Slaughterhouse Diary II: A School Reborn

In her late thirties, Safia Rafeeq is a schoolteacher at Dhanaura Junior High School, Amroha. Safia is gladdened by the closure of an abattoir near the school. She hopes that the current academic session will mark the return of students who had dropped out due to health and hygiene issues caused by the unbearable stench.

 
The job of a government schoolteacher is considered a godsend by most women in Uttar Pradesh, but when I was posted at Dhanaura Junior High School in 2013, I would ask God what sin had I committed to get here. When I joined this school, it was impossible to stay inside the premises without a wet cloth wrapped over your nostrils because of the unmindful disposal of the carcasses and lack of attention to by the slaughterhouse. The situation was even worse for the young (a junior high school in Uttar Pradesh enrolls students up to Class VIII only). They would have recurring respiratory problems and it was not uncommon for the students to complain of giddiness and nausea. Younger students would faint in the school all time; vomiting episodes were common too. We had no other option but to grant students leave generously, even if it meant poor attendance and keeping behind the curriculum. Health came first. While I gradually adopted to the new environs, and continued to discover ways to beat the stench, I also kept trying to get myself transferred from this school. It didn’t take long for the dropout rates to go up. Those parents who could afford, transferred their children to other schools while several others decided to keep them away from Dhanaura. How could I blame them? Even teachers had second thoughts of staying in the job! Few in the municipal administration could be bothered. By early last year, we were left with barely 50-60 students in the entire school; normally, one single class section in a government school has such strength. Things worsened when we noticed that even the groundwater in the area was contaminated. The hand-pump water inside the school became smelly and became reddish. By summer, the school strength dwindled further. Desperate to set things straight, we approached NGOs for help who arranged potable water for students from other areas as well as face-masks to bear the foul air. But that’s all we could do; even the involvment of the gram pradhan (village head) did not make our voice heard where it could have helped. You can imagine the sense of relief when I came to know that the District Magistrate had ordered closure of the slaughterhouse. I silently said my Namaz-e-Shukrana (prayers of thanks). It has been a year now, and the stench is gone. Things are still not completely normal as the groundwater is still a concern. But the student strength has shown improvement. The new session is in process and students are lining up for admission. The building has been whitewashed; there’s optimism in the air. I cannot thank the Yogi government enough for acting this fast. As if by divine intervention, a doctor who runs a small clinic next to our school has assured parents of free medical aid to students in case of an emergency. The local legislator recently visited our school and assured the children that things will only go better from here onward. Insha Allah!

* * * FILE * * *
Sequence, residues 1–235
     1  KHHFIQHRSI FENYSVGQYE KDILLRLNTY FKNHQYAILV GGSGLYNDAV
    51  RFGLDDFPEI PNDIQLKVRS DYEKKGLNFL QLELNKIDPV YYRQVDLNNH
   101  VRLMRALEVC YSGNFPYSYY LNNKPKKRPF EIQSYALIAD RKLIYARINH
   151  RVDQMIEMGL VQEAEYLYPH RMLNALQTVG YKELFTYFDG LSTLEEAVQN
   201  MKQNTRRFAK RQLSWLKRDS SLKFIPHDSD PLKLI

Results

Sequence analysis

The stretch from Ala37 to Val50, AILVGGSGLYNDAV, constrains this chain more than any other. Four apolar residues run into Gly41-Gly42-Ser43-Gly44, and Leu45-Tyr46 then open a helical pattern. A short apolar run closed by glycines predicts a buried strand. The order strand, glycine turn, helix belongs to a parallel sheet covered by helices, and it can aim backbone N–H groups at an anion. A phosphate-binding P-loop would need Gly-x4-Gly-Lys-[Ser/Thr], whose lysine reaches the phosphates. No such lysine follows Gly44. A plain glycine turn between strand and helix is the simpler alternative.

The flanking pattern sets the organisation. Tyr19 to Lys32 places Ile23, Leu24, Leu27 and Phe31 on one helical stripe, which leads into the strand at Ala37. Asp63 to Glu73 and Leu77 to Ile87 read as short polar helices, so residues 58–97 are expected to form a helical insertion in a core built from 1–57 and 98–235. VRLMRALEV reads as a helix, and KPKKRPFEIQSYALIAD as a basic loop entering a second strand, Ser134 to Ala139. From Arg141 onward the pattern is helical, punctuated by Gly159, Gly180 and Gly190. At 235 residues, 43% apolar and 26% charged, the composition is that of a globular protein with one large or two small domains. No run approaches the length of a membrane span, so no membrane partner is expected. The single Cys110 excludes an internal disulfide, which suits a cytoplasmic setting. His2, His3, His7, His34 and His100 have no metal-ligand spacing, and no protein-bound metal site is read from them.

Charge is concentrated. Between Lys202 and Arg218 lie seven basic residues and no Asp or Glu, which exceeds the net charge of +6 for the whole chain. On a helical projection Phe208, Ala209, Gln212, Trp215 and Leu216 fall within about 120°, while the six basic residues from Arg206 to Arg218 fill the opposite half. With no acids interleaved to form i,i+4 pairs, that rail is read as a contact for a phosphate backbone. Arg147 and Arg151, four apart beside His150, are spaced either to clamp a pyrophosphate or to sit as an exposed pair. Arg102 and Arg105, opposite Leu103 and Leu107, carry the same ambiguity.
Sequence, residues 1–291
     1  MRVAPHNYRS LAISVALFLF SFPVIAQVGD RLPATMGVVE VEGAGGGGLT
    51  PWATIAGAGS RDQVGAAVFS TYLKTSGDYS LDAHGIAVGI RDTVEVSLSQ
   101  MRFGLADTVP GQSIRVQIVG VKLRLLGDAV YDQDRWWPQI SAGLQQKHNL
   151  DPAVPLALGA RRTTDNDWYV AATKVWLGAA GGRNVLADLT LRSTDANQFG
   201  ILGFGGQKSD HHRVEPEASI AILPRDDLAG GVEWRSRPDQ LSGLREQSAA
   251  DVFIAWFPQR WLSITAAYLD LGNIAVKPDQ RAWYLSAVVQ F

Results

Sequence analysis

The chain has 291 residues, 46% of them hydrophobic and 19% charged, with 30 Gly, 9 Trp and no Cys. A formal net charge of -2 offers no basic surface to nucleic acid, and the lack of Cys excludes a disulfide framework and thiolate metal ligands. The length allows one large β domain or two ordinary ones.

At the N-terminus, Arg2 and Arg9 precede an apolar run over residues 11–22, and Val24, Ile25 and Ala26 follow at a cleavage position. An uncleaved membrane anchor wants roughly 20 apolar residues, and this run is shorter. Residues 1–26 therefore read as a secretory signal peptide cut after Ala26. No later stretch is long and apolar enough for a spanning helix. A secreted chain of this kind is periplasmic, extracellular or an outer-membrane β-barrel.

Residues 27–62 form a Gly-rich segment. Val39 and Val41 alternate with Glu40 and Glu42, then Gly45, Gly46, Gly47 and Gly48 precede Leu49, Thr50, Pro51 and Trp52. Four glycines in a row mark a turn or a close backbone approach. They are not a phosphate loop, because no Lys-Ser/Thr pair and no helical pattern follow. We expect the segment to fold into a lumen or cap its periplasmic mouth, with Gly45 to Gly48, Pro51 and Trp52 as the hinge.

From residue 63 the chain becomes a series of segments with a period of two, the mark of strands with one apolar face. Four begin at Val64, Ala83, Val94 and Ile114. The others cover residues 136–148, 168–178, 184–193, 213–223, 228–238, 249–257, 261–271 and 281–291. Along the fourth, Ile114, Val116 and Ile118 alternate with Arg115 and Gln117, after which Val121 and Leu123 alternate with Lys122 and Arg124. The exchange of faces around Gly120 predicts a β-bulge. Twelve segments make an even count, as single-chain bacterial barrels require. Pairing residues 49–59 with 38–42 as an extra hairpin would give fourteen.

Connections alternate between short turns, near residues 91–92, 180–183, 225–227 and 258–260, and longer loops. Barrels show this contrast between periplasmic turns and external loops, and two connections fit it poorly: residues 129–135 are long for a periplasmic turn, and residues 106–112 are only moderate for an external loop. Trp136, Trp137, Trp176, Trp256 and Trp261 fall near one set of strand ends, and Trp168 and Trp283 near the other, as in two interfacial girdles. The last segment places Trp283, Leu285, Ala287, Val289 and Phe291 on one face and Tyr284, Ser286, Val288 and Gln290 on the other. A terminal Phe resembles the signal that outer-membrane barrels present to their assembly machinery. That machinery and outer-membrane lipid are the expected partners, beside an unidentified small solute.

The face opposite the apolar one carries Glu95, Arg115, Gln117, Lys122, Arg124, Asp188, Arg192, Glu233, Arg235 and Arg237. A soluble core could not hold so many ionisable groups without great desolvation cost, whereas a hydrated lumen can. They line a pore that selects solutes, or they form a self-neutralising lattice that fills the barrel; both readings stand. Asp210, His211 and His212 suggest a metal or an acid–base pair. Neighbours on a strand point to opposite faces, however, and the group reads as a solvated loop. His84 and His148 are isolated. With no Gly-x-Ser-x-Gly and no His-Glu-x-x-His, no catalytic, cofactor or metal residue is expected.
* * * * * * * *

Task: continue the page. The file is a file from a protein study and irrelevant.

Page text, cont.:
More From the Slaughterhouse Diary

Part I: ‘Yogi govt butchered my job’

Part III: Blossoms of Hope


-With editorial assistance from Lokmarg]]>

Slaughterhouse Diary I: Pushed to pulling

Shabbir Alam is a former employee of AQ Frozen Foods Pvt. Ltd, an abattoir in Uttar Pradesh’s Amroha district now closed down for various irregularities as per a state order. Alam is 50, and has to now earn his living as a rickshaw puller in Amroha town.